The schism in psychology is the schism in man.
Until now, there have been two theories of psychology: psychoanalytic and rational. They’re both half right, and they’re both half wrong. If psychology is to have a future as a field of knowledge no one rolls their eyes at, we must cut out the errors of each theory and stitch them into one.
Psychoanalytic theory, created by Sigmund Freud, says there are drives in our mind that control our thoughts and behavior outside of our awareness. We may understand these drives to a certain degree, but never completely, and ultimately, they’re in control and have motives of their own. It’s like having a Chevy Vega for a mind. It’s rusting away, and you notice the rust, but the best you can do is to understand the rust and what it does so when the passenger seat drops out, you can only shrug your shoulders at your road-rashed girlfriend and say, “whelp, we all knew this was going to happen at some point.”
Based on Freud’s evidence, this is indeed how men appeared to him. But when he began practicing, Western civilization had been soaking in 2000 years of religion that said there were parts of men that were inherently evil. Men would of course act as if they were split into different parts, but this isn’t man’s psychology as it is.
If you wake up one day with the deep, unwavering belief the world is ending next week, you will begin to act in erratic ways. If I were to evaluate your psychology without considering your newfound belief about the world, my extrapolated theory of human psychology would be incomplete at best. And if some people thought I was a bad psychologist as a result, then maybe I would deserve that.
Though psychoanalysis persists because it’s true from a certain respect. There are parts of ourselves that control us outside of our awareness—latent emotions, all of which have a perfectly explicable, if sometimes cryptic, cause. This doesn’t mean we’re inherently evil, but if you’re taught humans are inherently evil, then you will misinterpret latent emotions has such. And since even non-religious Westerners have the atavistic notion of original sin (hence environmentalism, white guilt, yoga), psychoanalysts will always be able to find a study that validates their interpretation of the data. The unconscious is all-knowing, so we’re only here to do its bidding. It’s like letting a woman control your life—you’re only appeasing her because you don’t understand her, so you feel powerless to do anything else.
Also, psychoanalysis has the chic of the proverbial muddy waters going for it; they’re the postmodernists of the psychology world. Guys are going to fawn over psychoanalysis in the same way they fawn over whatever Yoko Ono’s next exhibit is at the MoMA. If you don’t get it, it’s because you’re a flyover-country bumpkin.
There were other psychoanalysts besides Freud, but to learn about them is to learn about different kinds of rust patterns. Yeah, when rust gets at your steering joist, it will ruin your Vega faster than if it gets at your quarter panel, but they both work the same way.
One psychoanalyst who was not only a devotee of Freud, but his second-in-command on the psychoanalytic starship, was Carl Jung. Freud and Jung were perfect for each other—Jung loved that he was friends with the rock star of psychology, and Freud loved that there was this intelligent yet malleable youth, capable of taking the reigns of psychoanalysis when he died.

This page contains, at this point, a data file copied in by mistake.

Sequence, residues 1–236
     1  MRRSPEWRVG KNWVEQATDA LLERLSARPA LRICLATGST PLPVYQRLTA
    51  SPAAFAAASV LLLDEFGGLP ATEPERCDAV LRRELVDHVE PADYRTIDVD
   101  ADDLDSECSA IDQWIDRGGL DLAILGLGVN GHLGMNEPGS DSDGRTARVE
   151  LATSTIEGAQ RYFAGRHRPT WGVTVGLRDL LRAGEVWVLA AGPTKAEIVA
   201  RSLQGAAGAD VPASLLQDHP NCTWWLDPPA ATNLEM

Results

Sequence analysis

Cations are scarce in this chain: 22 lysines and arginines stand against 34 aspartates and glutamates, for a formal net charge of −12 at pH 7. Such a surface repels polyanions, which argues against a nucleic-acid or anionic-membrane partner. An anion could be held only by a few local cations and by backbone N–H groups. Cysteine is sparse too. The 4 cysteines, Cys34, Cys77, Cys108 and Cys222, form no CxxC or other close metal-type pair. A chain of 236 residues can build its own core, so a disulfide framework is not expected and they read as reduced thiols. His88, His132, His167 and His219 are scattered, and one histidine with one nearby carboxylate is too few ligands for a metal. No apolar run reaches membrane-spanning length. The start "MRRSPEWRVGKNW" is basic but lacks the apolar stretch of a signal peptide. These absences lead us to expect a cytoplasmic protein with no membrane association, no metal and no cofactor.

However, before his 30th birthday, Jung split from Freud and his ideas based on Freud’s unwillingness to consider man could integrate his disparate drives into one, unified whole. Jung didn’t see men to be doomed by their ancestral past or nebulous emotions. He believed these unconscious parts of ourselves had a language of their own, and if we could only decipher the language, then we could uncover these truths and incorporate them into our consciousness, thus putting them in our control. This is, in effect, correct. Except Jung was a mystic, and he based his ideas on supernaturalism, which was Freud’s ultimate point of contention. Even Jungians to this day admit his ideas must be taken on faith. Jung was able to rid himself of the organized ritual of his devout Christian upbringing, but he never rid himself of the superstition.
Jung’s approach was correct (and his approach serves as a model for my unification of psychology), but the content was incorrect—so incorrect that his ideas begat the men’s movement of the 80s and so the cringe-worthy 90s male.
As such, Jung is the Thales of psychology. More than 2500 years ago, Thales proclaimed everything to be made of water. He was wrong, of course, but his approach of finding what is common to all we see, searching for the “one in the many,” is the correct approach to advancement in any field of knowledge.
By this point, psychology had been mostly subject to analysis, which can be summed up well by Dr. Hibbert: “We can’t fix [Homer’s] heart, but we can tell you exactly how damaged it is.” It’s like if I created a theory to show you why bridges collapse without offering any solution, you would entertain my ideas if they sounded smart, and you may assign my books to undergrads to teach them engineering, but eventually you’d want to see a structure to the knowledge.